David Nickol: I am not quite sure what you mean, but if you want to offer something other than an argumentum ad hominem, which is quite out of character for you in my opinion actually, I am happy to engage in debate with you. However, your statements are contrary to every extant piece of written and oral history we have of the Iudaea province during the riegns Augustus and Tiberius from both contemporaries and post-facto sources from Flavius Josephus to Suetonius to the Talmud to even Philo or Ben-Sasson today and I think if you are going to make a statement which is contrary to almost every piece of the historical record that is extant in the West, I think you should at least provide a basis for it.

Cathy:We both appear to suffer from the not insignificant limitation that we don't have the full speech to read. If I say that "X ought to be done," I make this as a statement about what reason, or the Gospel, requires, this implies that if someone else says, "X ought not to be done," that person is mistaken, wrong in his judgment. It does not necessarily mean that this other person is either stupid or morally obtuse. You think Archbishop Chaput is wrong in the way he has gone about dealing with this issue. I happen to agree with that. Perhaps you think him either stupid or morally obtuse. I don't. And short of finding these words, or something, like them in his speech, I think it unhelpful to think that this accurately sums up his position. Tertium datur.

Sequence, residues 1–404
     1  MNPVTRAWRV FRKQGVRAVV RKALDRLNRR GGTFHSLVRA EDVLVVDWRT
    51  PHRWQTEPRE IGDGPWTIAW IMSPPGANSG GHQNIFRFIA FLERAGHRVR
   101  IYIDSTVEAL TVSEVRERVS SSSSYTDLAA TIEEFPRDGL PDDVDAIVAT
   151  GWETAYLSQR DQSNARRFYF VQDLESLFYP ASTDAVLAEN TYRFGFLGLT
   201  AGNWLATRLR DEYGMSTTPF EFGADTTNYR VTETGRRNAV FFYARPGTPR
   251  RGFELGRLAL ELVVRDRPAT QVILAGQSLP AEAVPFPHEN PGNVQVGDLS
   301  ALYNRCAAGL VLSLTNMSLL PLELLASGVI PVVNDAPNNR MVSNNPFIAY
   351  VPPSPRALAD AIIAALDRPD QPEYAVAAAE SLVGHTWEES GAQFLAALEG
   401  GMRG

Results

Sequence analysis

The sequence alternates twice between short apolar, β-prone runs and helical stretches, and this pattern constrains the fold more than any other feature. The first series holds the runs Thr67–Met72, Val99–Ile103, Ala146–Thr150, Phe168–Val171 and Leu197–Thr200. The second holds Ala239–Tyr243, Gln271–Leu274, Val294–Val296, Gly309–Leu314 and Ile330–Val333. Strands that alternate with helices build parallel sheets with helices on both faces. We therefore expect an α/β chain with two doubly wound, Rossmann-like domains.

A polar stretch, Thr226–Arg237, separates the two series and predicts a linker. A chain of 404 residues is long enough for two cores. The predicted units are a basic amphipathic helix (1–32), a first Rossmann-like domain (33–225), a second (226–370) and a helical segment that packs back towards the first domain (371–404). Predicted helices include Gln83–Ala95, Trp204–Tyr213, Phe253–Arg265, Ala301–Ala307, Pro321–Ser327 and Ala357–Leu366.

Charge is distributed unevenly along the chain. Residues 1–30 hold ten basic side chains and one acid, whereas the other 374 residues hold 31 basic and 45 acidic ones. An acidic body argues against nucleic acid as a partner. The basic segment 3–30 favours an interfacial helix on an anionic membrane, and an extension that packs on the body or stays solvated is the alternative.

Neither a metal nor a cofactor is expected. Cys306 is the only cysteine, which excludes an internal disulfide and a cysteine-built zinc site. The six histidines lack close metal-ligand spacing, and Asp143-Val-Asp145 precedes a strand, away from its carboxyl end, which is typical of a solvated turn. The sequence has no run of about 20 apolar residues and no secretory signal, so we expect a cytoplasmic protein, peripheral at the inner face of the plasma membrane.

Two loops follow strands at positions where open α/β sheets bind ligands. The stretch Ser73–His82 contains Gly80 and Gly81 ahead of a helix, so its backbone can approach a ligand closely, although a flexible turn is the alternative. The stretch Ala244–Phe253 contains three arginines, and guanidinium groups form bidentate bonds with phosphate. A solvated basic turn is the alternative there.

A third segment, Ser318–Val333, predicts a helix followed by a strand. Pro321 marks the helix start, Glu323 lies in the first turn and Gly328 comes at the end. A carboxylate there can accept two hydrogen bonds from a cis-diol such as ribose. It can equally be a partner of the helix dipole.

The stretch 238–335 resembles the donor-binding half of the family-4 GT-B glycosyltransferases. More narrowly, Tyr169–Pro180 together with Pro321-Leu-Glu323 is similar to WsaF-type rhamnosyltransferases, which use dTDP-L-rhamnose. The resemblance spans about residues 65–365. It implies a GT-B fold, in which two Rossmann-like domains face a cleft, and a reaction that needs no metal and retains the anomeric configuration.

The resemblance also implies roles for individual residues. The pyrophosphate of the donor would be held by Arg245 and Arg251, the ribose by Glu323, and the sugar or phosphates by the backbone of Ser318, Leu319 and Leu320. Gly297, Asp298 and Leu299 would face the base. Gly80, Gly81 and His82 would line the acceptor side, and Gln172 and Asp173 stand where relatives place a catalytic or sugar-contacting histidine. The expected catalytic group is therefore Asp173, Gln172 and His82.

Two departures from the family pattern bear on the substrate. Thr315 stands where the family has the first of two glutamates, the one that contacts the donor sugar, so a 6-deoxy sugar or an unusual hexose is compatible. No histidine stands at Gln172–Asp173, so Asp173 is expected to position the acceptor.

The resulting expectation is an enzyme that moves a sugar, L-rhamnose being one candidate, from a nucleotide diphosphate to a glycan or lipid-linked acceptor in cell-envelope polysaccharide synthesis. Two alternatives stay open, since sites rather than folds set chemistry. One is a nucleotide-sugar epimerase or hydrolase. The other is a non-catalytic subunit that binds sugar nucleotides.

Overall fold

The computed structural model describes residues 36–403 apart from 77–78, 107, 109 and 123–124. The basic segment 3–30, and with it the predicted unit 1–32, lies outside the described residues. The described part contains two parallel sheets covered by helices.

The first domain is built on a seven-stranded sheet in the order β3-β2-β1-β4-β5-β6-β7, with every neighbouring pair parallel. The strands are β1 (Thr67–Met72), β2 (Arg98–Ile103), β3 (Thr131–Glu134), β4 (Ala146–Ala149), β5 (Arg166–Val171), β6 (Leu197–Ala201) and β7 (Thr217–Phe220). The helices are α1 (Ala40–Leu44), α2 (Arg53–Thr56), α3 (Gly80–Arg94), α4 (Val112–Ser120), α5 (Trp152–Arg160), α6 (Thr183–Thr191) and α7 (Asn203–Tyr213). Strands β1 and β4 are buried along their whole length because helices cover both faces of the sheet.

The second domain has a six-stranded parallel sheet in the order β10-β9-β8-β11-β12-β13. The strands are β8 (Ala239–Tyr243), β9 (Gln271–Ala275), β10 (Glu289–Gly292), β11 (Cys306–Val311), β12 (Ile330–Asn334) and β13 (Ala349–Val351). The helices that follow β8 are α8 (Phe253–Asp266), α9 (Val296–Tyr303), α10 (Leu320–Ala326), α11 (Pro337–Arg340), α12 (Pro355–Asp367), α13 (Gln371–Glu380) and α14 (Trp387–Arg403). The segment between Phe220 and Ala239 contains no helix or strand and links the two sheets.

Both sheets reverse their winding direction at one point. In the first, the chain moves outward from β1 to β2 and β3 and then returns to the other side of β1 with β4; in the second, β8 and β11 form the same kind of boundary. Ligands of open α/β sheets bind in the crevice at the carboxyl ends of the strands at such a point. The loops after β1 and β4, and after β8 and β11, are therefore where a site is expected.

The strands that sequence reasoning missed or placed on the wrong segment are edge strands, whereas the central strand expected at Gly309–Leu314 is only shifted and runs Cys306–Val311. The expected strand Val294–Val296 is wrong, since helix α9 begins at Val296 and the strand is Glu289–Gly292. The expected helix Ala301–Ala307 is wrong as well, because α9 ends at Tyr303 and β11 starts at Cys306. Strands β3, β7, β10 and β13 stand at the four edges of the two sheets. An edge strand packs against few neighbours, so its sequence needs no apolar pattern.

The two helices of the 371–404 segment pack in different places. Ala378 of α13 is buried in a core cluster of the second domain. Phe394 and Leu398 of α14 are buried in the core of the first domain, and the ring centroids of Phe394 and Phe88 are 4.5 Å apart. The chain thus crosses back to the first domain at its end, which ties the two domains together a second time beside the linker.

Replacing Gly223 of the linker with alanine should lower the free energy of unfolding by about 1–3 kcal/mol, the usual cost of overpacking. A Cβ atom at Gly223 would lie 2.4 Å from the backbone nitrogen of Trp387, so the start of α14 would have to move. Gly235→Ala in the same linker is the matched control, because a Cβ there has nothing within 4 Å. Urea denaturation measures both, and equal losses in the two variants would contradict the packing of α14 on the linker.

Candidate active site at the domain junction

I am not quite sure what you mean, but if you want to offer something other than an argumentum ad hominem, which is quite out of character for you in my opinion actually, I am happy to engage in debate with you. MAT,It seems so evident to me that there is no comparison between Obama and American citizens, on the one hand, and Caesar (presumably Tiberius Julius Caesar Augustus) and Jews in Roman-occupied Palestine in the first century that it doesn't need to be argued, but I do apologize for the way I put it, and I will try to make a case. There's no question you know more history than I do, but of course if I limited myself to disagreeing with people who knew less than I do, I would rarely be able to participate in any discussions!

Okay, Joe. But the news story on the website included extensive quotations. Here's one: "November showed us that 40 years of American Catholic complacency and poor formation are bearing exactly the fruit we should have expected. Or to put it more discreetly, the November elections confirmed a trend, rather than created a new moment, in American culture."He's talking about the election. Calling people "complacent" and "poorly formed" --who didn't see things his way. He's not making a judgment about X, he's making a judgment about people who don't agree with him about X.Here is the base article, which shows, in fact, him using the word "stupid"--"empty-headed" makes an appearance, too. Oh, and by the way, he calls people liars:"We need to stop lying to each other, to ourselves and to God by claiming to personally oppose some homicidal evil -- but then allowing it to be legal at the same time.Commenting on societys attitude towards Catholic beliefs, Archbishop Chaput said, we have to make ourselves stupid to believe some of the things American Catholics are now expected to accept.Theres nothing more empty-headed in a pluralist democracy than telling citizens to keep quiet about their beliefs. A healthy democracy requires exactly the opposite.http://www.catholicnewsagency.com/new.php?n=15439

Concedo.

Concedo.One of the "others"!(If you're not watching Lost, that won't make any sense.)

You're right.

On the mysterious island where Oceanic Flight 815 crashed, the survivors discovered they were not alone. There were "others" on the island. We still don't know a lot about them, but one of them we do know does not age. We just learned this season that the "others" speak Latin. It is not often we hear Latin dialog with English subtitles on prime-time network television.

Mel Gibson guest-directed a couple eps.